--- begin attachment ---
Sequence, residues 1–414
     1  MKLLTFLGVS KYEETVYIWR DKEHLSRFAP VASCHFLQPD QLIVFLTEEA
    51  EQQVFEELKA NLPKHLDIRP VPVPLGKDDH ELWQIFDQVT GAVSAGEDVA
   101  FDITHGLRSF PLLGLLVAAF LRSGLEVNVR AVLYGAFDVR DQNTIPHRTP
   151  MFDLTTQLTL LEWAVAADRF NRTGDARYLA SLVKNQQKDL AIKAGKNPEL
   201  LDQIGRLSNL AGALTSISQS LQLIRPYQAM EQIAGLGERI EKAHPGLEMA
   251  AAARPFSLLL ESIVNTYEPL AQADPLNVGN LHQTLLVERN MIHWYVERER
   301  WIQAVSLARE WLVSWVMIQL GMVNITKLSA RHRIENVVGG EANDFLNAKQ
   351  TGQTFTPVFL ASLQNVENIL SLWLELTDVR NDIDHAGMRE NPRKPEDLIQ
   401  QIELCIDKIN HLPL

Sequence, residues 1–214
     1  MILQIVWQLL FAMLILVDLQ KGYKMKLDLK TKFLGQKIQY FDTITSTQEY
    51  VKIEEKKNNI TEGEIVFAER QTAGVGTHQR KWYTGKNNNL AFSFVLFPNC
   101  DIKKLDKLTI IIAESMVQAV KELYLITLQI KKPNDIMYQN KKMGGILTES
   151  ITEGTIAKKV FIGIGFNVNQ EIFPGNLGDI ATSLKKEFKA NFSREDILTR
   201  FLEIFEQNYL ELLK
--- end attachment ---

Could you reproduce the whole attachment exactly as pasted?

Sequence, residues 1–414
     1  MKLLTFLGVS KYEETVYIWR DKEHLSRFAP VASCHFLQPD QLIVFLTEEA
    51  EQQVFEELKA NLPKHLDIRP VPVPLGKDDH ELWQIFDQVT GAVSAGEDVA
   101  FDITHGLRSF PLLGLLVAAF LRSGLEVNVR AVLYGAFDVR DQNTIPHRTP
   151  MFDLTTQLTL LEWAVAADRF NRTGDARYLA SLVKNQQKDL AIKAGKNPEL
   201  LDQIGRLSNL AGALTSISQS LQLIRPYQAM EQIAGLGERI EKAHPGLEMA
   251  AAARPFSLLL ESIVNTYEPL AQADPLNVGN LHQTLLVERN MIHWYVERER
   301  WIQAVSLARE WLVSWVMIQL GMVNITKLSA RHRIENVVGG EANDFLNAKQ
   351  TGQTFTPVFL ASLQNVENIL SLWLELTDVR NDIDHAGMRE NPRKPEDLIQ
   401  QIELCIDKIN HLPL

Sequence, residues 1–214
     1  MILQIVWQLL FAMLILVDLQ KGYKMKLDLK TKFLGQKIQY FDTITSTQEY
    51  VKIEEKKNNI TEGEIVFAER QTAGVGTHQR KWYTGKNNNL AFSFVLFPNC
   101  DIKKLDKLTI IIAESMVQAV KELYLITLQI KKPNDIMYQN KKMGGILTES
   151  ITEGTIAKKV FIGIGFNVNQ EIFPGNLGDI ATSLKKEFKA NFSREDILTR
   201  FLEIFEQNYL ELLK